Antibacterial Agent In Common Household Products Shown To Weaken The Heart And Muscles
Found in a variety of soaps, hand sanitizers, fabrics, toothpastes, mouthwashes and even tap wate...
Found in a variety of soaps, hand sanitizers, fabrics, toothpastes, mouthwashes and even tap water, researchers have discovered triclosan is far from harmless. Linked to heart failure and decline in muscle strength, the agent has come under scrutiny due to its widespread use in common household products. Considering the Environmental Protection Agency estimates over one million pounds of the chemical are produced each year in the United States, such excessive daily exposure has researchers worried - and for good reason.
Impede muscle strength, stop the heart
Increasingly detected in human blood plasma, urine and breast milk, triclosan is setting off alarms in the scientific community. A study at the University of Davis in California showed that the chemical impairs the excitation-contraction coupling mechanism in mice, thereby hindering the heart's capacity to circulate blood. Limb muscle strength was seriously compromised as well. The researchers exposed the animals to the equivalent level of triclosan as a person is exposed to each day from household products. The first mouse died within a minute of heart failure. The scientists then lowered the dosage and found the chemical decreased heart function by 25 percent within 20 minutes. Limb strength was reduced by 18 percent for 60 minutes after the agent was administered. Dr. Nipavan Chiamvimonvat, the study's co-author and professor of cardiovascular medicine, said in a press release, "The effects of triclosan on cardiac function were really dramatic ... Although triclosan is not regulated as a drug, this compound acts like a potent cardiac depressant in our models."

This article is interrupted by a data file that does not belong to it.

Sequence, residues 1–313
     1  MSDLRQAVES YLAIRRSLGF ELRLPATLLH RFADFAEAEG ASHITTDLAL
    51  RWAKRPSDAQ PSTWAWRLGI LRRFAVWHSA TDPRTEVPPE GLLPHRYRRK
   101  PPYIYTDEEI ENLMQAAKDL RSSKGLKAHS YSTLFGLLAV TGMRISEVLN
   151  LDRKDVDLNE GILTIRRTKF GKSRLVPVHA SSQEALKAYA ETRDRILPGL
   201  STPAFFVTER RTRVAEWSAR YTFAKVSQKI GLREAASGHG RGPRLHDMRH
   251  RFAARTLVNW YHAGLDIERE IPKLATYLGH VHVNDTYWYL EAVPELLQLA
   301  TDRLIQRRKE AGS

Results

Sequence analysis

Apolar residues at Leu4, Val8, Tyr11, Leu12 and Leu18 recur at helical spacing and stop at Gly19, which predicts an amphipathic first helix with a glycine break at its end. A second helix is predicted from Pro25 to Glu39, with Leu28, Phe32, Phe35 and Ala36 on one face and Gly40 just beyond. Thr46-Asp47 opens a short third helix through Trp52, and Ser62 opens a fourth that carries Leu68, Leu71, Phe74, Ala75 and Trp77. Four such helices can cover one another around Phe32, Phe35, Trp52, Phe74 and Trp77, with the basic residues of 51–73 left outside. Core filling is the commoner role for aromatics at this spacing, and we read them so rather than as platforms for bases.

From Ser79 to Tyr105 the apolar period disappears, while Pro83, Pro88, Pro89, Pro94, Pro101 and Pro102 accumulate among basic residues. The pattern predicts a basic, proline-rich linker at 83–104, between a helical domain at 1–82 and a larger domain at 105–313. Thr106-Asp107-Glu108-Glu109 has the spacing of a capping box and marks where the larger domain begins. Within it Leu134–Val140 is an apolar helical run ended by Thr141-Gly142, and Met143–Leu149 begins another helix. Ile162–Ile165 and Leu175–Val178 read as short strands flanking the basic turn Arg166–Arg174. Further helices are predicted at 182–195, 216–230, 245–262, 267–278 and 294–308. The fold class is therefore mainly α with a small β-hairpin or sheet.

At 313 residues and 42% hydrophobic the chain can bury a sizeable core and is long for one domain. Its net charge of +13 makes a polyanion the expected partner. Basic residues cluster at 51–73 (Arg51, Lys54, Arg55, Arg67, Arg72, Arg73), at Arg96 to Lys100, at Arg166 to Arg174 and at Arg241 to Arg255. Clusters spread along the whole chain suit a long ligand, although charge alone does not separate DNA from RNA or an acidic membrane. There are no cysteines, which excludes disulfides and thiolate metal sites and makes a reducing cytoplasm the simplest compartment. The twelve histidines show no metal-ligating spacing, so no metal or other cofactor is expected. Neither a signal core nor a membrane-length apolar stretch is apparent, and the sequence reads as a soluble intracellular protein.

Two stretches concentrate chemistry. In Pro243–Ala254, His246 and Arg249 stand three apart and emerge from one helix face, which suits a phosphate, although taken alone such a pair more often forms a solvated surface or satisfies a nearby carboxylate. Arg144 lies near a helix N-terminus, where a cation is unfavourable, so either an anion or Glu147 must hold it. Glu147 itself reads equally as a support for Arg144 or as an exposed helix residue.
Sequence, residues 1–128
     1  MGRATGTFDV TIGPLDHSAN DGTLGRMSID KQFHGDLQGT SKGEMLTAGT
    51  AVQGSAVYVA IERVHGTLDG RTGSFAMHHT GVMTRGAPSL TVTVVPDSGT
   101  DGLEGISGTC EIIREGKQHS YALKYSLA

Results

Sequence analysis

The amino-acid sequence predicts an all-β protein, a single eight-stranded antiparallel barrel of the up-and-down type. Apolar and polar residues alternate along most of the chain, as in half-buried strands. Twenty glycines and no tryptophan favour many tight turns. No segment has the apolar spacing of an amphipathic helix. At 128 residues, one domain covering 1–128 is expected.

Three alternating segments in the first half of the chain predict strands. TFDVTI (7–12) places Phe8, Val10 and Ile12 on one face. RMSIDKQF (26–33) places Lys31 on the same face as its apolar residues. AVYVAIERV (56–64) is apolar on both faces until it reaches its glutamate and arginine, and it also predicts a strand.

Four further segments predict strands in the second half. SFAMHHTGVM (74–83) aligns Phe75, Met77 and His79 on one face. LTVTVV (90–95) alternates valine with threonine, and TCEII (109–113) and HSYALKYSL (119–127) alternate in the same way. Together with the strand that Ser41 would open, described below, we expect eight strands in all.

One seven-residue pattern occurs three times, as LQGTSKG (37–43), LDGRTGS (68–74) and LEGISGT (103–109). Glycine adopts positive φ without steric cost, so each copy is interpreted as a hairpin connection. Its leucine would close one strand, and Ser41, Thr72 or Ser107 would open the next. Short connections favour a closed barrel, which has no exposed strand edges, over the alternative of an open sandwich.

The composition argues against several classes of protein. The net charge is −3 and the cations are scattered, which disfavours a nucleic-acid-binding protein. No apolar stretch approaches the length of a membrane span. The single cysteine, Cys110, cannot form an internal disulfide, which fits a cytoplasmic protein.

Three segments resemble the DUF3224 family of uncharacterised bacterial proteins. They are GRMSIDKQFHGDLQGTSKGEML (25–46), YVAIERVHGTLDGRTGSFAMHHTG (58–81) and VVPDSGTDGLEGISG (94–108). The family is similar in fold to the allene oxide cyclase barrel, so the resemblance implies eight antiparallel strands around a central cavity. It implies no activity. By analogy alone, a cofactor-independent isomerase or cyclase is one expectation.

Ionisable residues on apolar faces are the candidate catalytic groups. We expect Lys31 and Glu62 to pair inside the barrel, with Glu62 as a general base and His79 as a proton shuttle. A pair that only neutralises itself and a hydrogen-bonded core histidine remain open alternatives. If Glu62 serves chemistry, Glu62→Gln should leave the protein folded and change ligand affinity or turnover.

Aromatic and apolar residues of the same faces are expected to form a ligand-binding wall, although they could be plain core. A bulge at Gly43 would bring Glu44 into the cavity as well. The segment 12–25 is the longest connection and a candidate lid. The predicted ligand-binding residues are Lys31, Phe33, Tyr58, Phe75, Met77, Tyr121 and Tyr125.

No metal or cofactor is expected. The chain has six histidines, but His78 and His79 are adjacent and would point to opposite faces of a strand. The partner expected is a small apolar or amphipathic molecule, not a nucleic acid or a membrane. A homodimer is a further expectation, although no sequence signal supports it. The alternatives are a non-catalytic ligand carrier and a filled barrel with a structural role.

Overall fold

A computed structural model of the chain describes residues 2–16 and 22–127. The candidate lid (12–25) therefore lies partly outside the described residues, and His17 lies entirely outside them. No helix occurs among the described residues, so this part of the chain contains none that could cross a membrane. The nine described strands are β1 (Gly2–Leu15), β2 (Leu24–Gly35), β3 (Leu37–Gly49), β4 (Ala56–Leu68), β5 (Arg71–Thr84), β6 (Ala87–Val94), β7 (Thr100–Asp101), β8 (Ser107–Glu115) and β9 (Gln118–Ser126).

"Triclosan binds to blood proteins and is easily expelled through urine or other body processes, which is why it typically considered to be harmless to humans. However, for people who do not metabolize the agent quickly, it can remain in the blood for quite some time. Also, some of the experiments the researchers conducted was done with blood proteins available, and even though the triclosan was binding to them, it still disrupted the muscle activity. However, most concerning is the fact that people with heart conditions may be more affected by exposure because of their weakened muscle state."
Taking into account the sheer levels an average person is exposed to on a daily basis, scientists are correct to be concerned. Isaac Pessah, principle investigator of the study, warns, "These findings provide strong evidence that the chemical is of concern to both human and environmental health ... We have shown that triclosan potently impairs muscle functions by interfering with signaling between two proteins that are of fundamental importance to life. Regulatory agencies should definitely be reconsidering whether it should be allowed in consumer products."